The UEFI boot-loader, or Unified Extensible Firmware Interface is: An arguably superfluous step towards improving the layer of hardware abstraction recognized at boot... Which essentially means that non standard computer and rtos type systems with (strange arrays?) - might still have options for running/booting "software" in a manner consistent with ordinary boot-loaders, which are of course fairly standardized. PC hardware changes slowly enough for most operating systems engineers to write customized loading protocol within a system kernel for every target system with perhaps 2-3 exceptions for ordinary use.
ARS Technica Excerpts
There have been a number of security concerns about UEFI’s potential as a hiding place for rootkits and other malware, including those raised by Dick Wilkins and Jim Mortensen of firmware developer Phoenix Technologies in a presentation at UEFI Plugfest last year. “Firmware is software and is therefore vulnerable to the same threats that typically target software,” they explained. UEFI is essentially a lightweight operating system in its own right, making it a handy place to put rootkits for those who can manage it.
(We invented plagarism?) <-- No I just can't help but admire this article and wanted to draw your attention to the wikileaks mention.
WikiLeaks’ Vault 7 files showed that the CIA apparently developed an implant for Apple's computers that used the Extensible Firmware Interface (the predecessor of UEFI) but required physical access to the targeted computer and a malicious Thunderbolt Ethernet adapter (called the “Sonic Screwdriver”). But LoJax is an entirely different animal—it was built to be deployed remotely, using malware tools that can read and overwrite parts of the UEFI firmware’s flash memory.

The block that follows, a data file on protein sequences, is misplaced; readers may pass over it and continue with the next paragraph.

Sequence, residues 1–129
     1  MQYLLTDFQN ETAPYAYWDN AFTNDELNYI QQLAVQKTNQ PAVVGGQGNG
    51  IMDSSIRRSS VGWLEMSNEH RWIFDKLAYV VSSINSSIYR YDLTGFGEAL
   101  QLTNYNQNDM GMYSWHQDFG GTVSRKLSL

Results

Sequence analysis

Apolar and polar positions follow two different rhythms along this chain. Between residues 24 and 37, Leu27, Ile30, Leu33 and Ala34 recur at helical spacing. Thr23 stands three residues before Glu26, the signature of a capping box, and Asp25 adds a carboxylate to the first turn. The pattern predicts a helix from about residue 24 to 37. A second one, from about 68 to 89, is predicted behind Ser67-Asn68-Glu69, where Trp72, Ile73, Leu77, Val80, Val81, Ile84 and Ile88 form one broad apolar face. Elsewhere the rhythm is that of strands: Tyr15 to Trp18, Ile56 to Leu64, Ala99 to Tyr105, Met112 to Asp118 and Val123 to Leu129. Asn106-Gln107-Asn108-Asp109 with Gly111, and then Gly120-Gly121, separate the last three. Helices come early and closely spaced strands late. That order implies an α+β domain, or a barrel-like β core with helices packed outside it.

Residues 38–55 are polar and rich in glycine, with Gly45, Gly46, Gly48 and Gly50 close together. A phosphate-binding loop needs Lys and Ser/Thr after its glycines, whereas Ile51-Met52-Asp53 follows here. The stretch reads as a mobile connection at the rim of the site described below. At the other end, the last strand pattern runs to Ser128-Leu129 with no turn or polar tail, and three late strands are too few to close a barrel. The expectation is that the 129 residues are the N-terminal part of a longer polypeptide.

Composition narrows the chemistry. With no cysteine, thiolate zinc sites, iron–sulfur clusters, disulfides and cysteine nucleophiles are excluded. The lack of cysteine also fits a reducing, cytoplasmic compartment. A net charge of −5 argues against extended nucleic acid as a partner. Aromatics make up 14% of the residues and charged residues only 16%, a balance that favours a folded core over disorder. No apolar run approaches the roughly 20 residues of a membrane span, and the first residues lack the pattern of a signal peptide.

“Along with the LoJax agents,” ESET researchers noted, “tools with the ability to read systems’ UEFI firmware were found, and in one case, this tool was able to dump, patch and overwrite part of the system’s SPI flash memory. This tool’s ultimate goal was to install a malicious UEFI module on a system whose SPI flash memory protections were vulnerable or misconfigured.”
Because of variations in the implementation of UEFI, those sorts of memory protection issues—the very sort of thing Wilkins and Mortensen warned of—have been entirely too common. And ESET researchers found at least one confirmed case of a successful deployment of LoJax.
So that is pretty normal these days right?
To make matters worse I'll link to the example info on NetScout which was the same article cited by Ars Technica because it's pretty darn good.
This part is all me though, below this line.
Prevent this in production environments by enabling legacy boot and using it where possible. Yes you can generally disable uefi and no you don't "need to do this" but if you have serious concerns that you may have a malware infection related to UEFI just figure that you can and possibly should do this and reinstall an OS using legacy boot-loading.
Now a video about this: